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 asit 01-25-2008 10:43 AM

time.gmtime

we know that time.gmtime(secs) takes a parameter secs. what does this
secs suggest ??What is it's significance ??

 Harald Karner 01-25-2008 10:58 AM

Re: time.gmtime

asit wrote:
> we know that time.gmtime(secs) takes a parameter secs. what does this
> secs suggest ??What is it's significance ??

>>> import time
>>> help (time.gmtime)

Help on built-in function gmtime in module time:

gmtime(...)
gmtime([seconds]) -> (tm_year, tm_mon, tm_day, tm_hour, tm_min,
tm_sec, tm_wday, tm_yday, tm_isdst)

Convert seconds since the Epoch to a time tuple expressing UTC
(a.k.a. GMT). When 'seconds' is not passed in, convert the current time

>>> time.gmtime (0)

(1970, 1, 1, 0, 0, 0, 3, 1, 0)
>>>

 Paul Boddie 01-25-2008 11:04 AM

Re: time.gmtime

On 25 Jan, 11:43, asit <lipu...@gmail.com> wrote:
> we know that time.gmtime(secs) takes a parameter secs. what does this
> secs suggest ??What is it's significance ??

From the documentation [1] with some editing:

"""
gmtime([secs])

Convert a time expressed in seconds since the epoch to a time
structure employing UTC. If secs is not provided or None, the current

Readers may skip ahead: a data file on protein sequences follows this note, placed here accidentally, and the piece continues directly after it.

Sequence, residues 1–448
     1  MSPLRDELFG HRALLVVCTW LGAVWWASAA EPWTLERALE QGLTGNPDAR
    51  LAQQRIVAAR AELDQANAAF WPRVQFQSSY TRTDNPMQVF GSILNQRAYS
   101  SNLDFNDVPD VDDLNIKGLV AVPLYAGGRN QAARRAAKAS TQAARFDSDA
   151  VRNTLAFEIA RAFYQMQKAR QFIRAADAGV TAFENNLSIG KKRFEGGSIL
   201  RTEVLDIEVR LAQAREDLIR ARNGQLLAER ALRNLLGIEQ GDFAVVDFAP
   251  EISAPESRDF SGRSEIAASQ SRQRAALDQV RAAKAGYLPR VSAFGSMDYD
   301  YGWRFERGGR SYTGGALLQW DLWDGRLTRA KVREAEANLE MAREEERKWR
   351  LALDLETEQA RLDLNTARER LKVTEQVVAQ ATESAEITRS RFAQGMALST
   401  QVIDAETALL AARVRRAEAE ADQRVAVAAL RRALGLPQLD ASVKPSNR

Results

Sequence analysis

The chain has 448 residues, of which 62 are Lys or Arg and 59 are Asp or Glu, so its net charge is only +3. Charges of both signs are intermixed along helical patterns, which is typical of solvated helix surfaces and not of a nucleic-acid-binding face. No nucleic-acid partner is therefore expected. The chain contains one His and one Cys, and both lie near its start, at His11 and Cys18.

time as returned by time.time() is used.

The epoch is the point where the time starts. On January 1st of that
year, at 0 hours, the ``time since the epoch'' is zero. For Unix, the
epoch is 1970. To find out what the epoch is, look at gmtime(0).
"""

So, the significance of the secs parameter is that it indicates a
specific point in time. Generally, you'll get this from functions like
time.time or from "UNIX timestamps" stored in things like files and
databases where people have wanted to indicate a point in time without
having to mention things like dates, times and timezones.

Paul

P.S. The datetime module is preferable to the time module, really. The
latter can drive you quite mad when things like timezones start to be
taken into account.

[1] http://docs.python.org/lib/module-time.html

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